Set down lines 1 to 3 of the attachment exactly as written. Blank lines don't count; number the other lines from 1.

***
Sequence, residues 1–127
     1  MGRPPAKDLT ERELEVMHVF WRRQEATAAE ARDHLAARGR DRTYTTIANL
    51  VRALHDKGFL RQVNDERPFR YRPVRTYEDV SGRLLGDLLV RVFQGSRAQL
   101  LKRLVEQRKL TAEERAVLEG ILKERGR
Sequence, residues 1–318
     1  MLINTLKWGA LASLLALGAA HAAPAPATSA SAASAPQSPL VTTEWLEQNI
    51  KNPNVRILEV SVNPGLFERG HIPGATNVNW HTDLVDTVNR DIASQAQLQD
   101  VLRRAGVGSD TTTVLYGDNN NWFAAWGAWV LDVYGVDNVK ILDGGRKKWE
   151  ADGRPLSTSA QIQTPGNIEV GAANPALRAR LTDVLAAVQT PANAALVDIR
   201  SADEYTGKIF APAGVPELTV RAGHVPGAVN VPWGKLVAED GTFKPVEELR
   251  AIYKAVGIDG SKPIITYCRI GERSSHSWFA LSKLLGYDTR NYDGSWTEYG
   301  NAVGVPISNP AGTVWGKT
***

Sequence, residues 1–127
     1  MGRPPAKDLT ERELEVMHVF WRRQEATAAE ARDHLAARGR DRTYTTIANL
    51  VRALHDKGFL RQVNDERPFR YRPVRTYEDV SGRLLGDLLV RVFQGSRAQL